Here's how you can watch a helicopter try to catch a falling rocket

In the coming days, the company Rocket Lab USA will attempt a mid-air helicopter capture of one of its rocket launchers as it returns to Earth.
Written by Stephanie Condon, Senior Writer

Rocket Lab will use a customized Sikorsky S-92 to try to catch the second-stage rocket.

Rocket Lab USA

In the coming days, Rocket Lab USA will launch its two-stage Electron Rocket into space to deploy a few dozen satellites into orbit on behalf of six other companies. As Electron's second-stage rocket flies into orbit to get the job done, the first-stage rocket launcher will fall back to Earth -- and a helicopter will attempt to catch it. 

Catching the returning rocket will be "a highly complex operation that demands extreme precision," the company said in a release

Rocket Lab will provide a live broadcast of the wild mid-air capture at approximately T-20 minutes to launch. After weather delays, Rocket Lab said Friday that the company is aiming to launch no earlier than 1 May UTC. The company will attempt to provide a live view of the catch from the helicopter, though the remote location of the capture is likely to result in some video loss. 

Founded in 2006, Rocket Lab has already delivered more than 100 satellites into orbit for customers across commercial, civil, defense, and academic sectors. This mission, dubbed "There and Back Again," will be the 26th launch of its Electron rocket. It's the first time, however, that the company will attempt to capture the Electron's first stage rocket with a helicopter. The mid-air capture would mark a major milestone in the company's efforts to make Electron a usable rocket. 

"We're excited to enter this next phase of the Electron recovery program," Rocket Lab founder and CEO Peter Beck said in a statement. "We've conducted many successful helicopter captures with replica stages, carried out extensive parachute tests, and successfully recovered Electron's first stage from the ocean during our 16th, 20th, and 22nd missions. Now it's time to put it all together for the first time and pluck Electron from the skies. Trying to catch a rocket as it falls back to Earth is no easy feat, we're absolutely threading the needle here, but pushing the limits with such complex operations is in our DNA. We expect to learn a tremendous amount from the mission as we work toward the ultimate goal of making Electron the first reusable orbital smallsat launcher and providing our customers with even more launch availability."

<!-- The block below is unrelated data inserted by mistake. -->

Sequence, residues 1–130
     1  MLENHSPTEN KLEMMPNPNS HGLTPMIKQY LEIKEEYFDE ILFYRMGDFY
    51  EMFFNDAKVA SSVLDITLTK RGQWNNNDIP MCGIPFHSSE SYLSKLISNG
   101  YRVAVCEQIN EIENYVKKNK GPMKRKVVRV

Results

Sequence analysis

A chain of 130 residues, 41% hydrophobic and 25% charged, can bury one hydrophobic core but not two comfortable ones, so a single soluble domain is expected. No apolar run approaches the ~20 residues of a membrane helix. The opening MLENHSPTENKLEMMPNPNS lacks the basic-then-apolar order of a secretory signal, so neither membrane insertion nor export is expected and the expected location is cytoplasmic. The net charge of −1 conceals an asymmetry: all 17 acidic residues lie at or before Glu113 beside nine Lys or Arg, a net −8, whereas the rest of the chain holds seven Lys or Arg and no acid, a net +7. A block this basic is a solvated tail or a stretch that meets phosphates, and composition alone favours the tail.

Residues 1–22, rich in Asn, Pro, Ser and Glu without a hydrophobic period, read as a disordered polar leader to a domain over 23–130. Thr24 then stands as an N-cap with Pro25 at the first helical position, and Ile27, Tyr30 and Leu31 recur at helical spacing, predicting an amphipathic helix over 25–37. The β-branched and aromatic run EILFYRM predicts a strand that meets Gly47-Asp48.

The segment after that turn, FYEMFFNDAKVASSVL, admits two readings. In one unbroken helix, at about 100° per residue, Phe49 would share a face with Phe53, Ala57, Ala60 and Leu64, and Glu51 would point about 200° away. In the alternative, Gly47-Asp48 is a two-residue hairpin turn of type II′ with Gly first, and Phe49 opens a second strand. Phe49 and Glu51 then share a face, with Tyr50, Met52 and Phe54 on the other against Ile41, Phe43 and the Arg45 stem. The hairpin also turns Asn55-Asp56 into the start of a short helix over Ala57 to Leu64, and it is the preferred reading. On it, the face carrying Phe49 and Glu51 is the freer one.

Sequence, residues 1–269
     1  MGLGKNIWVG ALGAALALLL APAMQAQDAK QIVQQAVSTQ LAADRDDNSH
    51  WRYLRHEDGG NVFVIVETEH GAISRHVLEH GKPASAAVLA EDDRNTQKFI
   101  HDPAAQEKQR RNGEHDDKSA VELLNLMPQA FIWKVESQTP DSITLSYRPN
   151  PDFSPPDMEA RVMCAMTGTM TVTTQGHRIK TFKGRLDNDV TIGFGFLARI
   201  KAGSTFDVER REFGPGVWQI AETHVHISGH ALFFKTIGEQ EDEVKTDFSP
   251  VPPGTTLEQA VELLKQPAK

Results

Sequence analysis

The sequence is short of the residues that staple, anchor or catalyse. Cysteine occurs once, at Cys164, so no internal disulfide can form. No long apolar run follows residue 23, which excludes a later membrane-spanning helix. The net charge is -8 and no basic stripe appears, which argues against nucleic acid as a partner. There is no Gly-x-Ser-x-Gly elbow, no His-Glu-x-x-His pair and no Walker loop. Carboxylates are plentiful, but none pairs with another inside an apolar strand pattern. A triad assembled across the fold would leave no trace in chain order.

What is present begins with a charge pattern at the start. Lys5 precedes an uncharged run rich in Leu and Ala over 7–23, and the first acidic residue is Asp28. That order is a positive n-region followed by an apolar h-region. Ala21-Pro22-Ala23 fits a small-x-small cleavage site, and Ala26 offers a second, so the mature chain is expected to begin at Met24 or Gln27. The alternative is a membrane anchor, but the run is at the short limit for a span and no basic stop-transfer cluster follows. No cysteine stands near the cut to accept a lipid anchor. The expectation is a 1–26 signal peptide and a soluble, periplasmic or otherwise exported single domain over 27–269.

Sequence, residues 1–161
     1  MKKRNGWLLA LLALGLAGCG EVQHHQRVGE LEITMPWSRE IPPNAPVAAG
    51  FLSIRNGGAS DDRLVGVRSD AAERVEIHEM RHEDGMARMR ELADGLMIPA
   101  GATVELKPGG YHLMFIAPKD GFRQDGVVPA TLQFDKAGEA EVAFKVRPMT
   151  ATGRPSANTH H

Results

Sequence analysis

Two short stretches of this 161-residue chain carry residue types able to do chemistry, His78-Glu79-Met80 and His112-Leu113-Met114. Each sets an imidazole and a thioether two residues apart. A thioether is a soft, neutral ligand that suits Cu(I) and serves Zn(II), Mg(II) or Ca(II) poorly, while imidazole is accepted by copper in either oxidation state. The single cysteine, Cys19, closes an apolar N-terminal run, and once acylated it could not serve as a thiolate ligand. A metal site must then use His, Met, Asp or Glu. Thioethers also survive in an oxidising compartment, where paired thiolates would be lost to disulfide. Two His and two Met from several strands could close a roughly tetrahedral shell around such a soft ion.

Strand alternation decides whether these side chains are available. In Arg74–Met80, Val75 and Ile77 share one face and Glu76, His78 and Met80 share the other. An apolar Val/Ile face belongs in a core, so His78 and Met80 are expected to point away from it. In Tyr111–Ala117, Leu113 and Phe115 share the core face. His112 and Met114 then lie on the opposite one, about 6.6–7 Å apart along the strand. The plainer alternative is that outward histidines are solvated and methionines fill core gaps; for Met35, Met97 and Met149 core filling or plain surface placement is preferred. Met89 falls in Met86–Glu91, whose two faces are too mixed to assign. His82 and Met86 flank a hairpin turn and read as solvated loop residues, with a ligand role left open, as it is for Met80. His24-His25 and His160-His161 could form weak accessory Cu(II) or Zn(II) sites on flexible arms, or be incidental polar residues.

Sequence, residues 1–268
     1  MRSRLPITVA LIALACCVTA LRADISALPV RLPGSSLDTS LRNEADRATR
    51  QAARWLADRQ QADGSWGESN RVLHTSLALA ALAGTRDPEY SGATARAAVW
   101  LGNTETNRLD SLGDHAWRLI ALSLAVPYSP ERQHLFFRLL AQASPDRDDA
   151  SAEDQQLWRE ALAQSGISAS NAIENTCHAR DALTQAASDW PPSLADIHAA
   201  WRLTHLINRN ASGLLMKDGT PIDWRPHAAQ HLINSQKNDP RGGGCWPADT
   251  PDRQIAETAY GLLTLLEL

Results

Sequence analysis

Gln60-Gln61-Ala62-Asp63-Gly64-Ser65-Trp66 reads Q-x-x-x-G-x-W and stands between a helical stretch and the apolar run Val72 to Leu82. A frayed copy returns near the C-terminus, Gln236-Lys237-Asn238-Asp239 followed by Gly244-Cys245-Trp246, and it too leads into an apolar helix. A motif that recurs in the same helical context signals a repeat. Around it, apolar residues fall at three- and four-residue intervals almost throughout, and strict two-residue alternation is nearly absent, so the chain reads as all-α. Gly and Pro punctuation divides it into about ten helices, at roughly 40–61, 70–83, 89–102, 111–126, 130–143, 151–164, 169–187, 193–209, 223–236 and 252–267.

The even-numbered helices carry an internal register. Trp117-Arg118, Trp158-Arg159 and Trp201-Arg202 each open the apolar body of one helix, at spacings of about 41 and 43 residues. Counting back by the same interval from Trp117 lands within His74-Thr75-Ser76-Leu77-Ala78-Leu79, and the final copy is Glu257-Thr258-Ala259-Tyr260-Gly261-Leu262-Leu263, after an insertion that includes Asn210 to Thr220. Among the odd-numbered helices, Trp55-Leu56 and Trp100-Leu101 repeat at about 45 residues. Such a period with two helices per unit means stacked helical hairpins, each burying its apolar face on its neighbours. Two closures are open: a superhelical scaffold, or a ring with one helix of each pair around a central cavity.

SpaceX has pioneered the nascent move away from single-use rocket systems with the two-stage Falcon 9 rocket, which reignites its engines to return to Earth.


The Electron rocket will lift off from Pad A at Launch Complex 1 on New Zealand's Māhia Peninsula.

Rocket Lab

The Electron rocket will lift off from Pad A at Launch Complex 1 on New Zealand's Māhia Peninsula. The rocket will be carrying 34 payloads from various commercial operators, bringing the total number of satellites launched by Electron to 146.

To try to catch the rocket, Rocket Lab will use a customized Sikorsky S-92 -- a large twin-engine helicopter typically used in offshore oil & gas transport, as well as search and rescue operations. About an hour before lift-off, the S-92 will move to the capture zone, about 150 nautical miles off New Zealand's coast.

The first and second stages of the rocket should separate at T+2:30 minutes after lift-off. As the second-stage rocket falls back to Earth, it will reach speeds of nearly 5,150 miles per hour and temperatures around 2,400 degrees C (4,352 F).

At an altitude of 8.3 miles, the rocket will deploy a drogue parachute to dramatically slow its speed. Once it's in the capture zone, the helicopter will attempt to grab the parachute line with a hook. Then, the helicopter can take it back to land where Rocket Lab can assess its suitability for reflight.

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